The Victorian Parliamentary Inquiry into Motorcycle Safety has now been completed. The Inquiry commenced in February 2011 and concluded in December 2012. The final report of almost 500 pages makes for very interesting reading and contains a number of practical recommendations for enhancing riders' safety. To date, although concern has been expressed about some recommendations, by-and-large it has been received favourably by rider organisations in and outside Victoria, and is considered a balanced and pragmatic outcome. Victorian motorcycle groups were consulted during the inquiry, along with the Australian Motorcycle Council and a number of overseas motorcycle organisations. The SA Department for Planning, Transport and Infrastructure is considering the adoption of some of the recommendations, subject (we anticipate) to consultation with MRASA.

Here is a link to the Report into Motorcycle Safety - in PDF format (3.11Mb).
Road Safety for Motorcyclists - 19 September 2012
  Minister for Road Safety Jennifer Rankine has released a discussion paper outlining six proposals to help improve the safety of motorbike and moped riders. The Minister has also issued a News Release on the six proposals.

The discussion paper is titled 'Proposals to Protect Motorcyclists' and is your invitation to comment. The MRASA encourages all motorcyclists to read the proposal, chat with their riding mates and then let the Government know what they think. This will impact you and the way you ride. It will impact the riders of tomorrow. We asked for riders to be consulted and this is your opportunity to have your say.

The Adelaide Now (media website) has some articles on the subject:
Article 1 - SA Government pushes for restrictions on motorcyclists
Article 2 - Scooters and low-cc motorbikes a target in safety plan for South Australian roads

You may like to read the published MRASA response or the AMC response to the discussion paper on the six proposed motorcycle licensing changes.
Wide Centreline Treatment Strategy - May 2012
  wide centreline project
  South Australia's first wide centreline treatment will become operational as of May 9 2012, according to information provided by the SA Department of Planning, Transport and Infrastructure.

Motorists will see new linemarkings on a 6.5 km stretch of the Dukes Highway between Tailem Bend and Coomandook. The new wide centreline marking will consist of two parallel white lines 1.2 metres apart and will increase the distance between vehicles travelling in opposite directions.

This wide centreline treatment is designed to reduce crashes caused by fatigue and inattention, as the increased gap will provide time for errant motorists to recover and return to their lane before they cross into the path of oncoming traffic.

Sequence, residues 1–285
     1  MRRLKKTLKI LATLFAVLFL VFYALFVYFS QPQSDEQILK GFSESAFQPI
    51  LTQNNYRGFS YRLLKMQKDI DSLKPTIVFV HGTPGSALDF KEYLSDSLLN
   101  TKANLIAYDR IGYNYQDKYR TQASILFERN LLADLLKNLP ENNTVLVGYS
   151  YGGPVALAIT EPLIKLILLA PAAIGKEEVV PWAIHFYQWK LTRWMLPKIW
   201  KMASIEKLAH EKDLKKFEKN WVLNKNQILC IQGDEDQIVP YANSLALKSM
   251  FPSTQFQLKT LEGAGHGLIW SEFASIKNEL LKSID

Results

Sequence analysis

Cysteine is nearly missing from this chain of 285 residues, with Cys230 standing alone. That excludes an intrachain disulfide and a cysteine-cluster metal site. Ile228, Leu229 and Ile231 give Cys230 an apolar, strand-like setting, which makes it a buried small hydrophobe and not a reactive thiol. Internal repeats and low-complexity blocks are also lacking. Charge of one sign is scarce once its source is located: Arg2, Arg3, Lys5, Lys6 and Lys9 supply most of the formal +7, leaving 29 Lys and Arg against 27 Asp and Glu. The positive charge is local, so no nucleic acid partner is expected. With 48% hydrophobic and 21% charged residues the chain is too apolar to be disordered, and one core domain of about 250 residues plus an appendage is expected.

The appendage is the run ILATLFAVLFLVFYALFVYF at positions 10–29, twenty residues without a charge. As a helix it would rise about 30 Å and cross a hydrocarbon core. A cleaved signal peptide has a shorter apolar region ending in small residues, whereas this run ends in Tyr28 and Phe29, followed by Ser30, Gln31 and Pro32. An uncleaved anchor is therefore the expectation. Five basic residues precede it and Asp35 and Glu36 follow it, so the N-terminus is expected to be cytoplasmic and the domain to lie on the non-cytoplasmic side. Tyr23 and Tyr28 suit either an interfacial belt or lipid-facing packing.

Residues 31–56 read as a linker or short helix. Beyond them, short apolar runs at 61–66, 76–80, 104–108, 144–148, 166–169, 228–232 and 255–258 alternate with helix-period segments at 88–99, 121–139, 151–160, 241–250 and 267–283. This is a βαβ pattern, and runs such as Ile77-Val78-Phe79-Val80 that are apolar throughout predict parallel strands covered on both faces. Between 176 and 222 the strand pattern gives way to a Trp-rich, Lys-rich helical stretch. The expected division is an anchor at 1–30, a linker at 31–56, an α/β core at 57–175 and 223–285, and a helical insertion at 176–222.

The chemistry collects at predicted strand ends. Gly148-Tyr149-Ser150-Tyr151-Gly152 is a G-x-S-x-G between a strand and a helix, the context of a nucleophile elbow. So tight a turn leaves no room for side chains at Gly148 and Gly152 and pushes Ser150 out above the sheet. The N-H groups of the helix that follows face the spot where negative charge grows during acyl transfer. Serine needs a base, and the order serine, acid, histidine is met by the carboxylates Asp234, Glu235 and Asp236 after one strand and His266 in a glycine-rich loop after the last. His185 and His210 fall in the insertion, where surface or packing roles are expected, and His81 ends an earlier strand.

A total of 39 km of the centreline treatment will be installed in 2012.

The addition of audio-tactile linemarkings over this length will commence in June. The audio-tactile lines will generate vibration and a buzzing sound which will alert the motorist that they are drifting onto the wrong side of the road.

The road rules for overtaking do not change with the introduction of the centreline treatment: where overtaking is allowed, the new widened markings will be dashed lines, while solid lines will indicate overtaking is not permitted.

The Department advises motorists to expect delays while speed and traffic restrictions are in place and reminds road users to take care and drive (and ride) to the conditions. The Department thanks motorists for their patience while these roadworks are in progress.

This project is part of the State Government's plan to reduce the state's annual road toll to 80 by 2020. Approximately $9m in road projects will be undertaken in the South-East this financial year, in addition to the Federal Government's allocation of $80m to improving the Dukes Highway.

Note: Motorcycle stability trials with audio-tactile roadmarkings were undertaken when they were first introduced in Tasmania about 20 years ago. There were no adverse findings whether the road was straight or curved, and motorcyclists considered that the markings posed no threat to the control of their machines.

For further information you can view the strategy information or the media release (5th March 2012) on the DPTI website.

Peter Mount, MRASA   

Motorcycle Safety Levy - April 2012
  An article appeared on the Adelaide Now website dated 27th April stating motorcycle riders may face paying a new safety levy, adding an estimated $300 to a 10-year driver's licence fee. Our Vice-President Neville Gray is quoted in the article on behalf of the MRASA. The reporter chose to include a picture with the article of a rider in full race gear on an expanse of bitumen with no markings, hardly a fair depiction of the cross-section of the motorcycling community set to bear the cost of the levy. Read the full article.

The front page article continued on Page 4 of the Advertiser (28th April 2012), positioned coincidentally below a report of a motorcycle crash.

This is an on-going report. Further details (history) of the levy can be found further down this webpage. The public should realise the levy has been a long time coming, and will probably happen regardless. The MRA is attempting to ensure that 100% of the proposed levy revenue paid by motorcyclists will be going to benefit all motorcyclists.

Neville Gray - Road Safety Officer and Vice-President, MRASA   

Proposed Speed Limit Change on Blackwood to Goolwa Road - April 2012
  Below is an extract from the complete article submitted to the Alexandrina Council ...

The lowering of speed limits is an easy option when facing the task of improving the fatality numbers experienced so far in 2011/2012. At the time of writing there has been no significant increase in YTD fatality figures for 2012. The cry of 'We must do something. Let's lower the speed limits' is overriding the real issues that cause serious injury and fatal crashes. Installing new 80 km/h signs as a token effort in a targeted area does not obviate the Department of Planning, Transport and Infrastructure and the Alexandrina Council from embracing the real issues.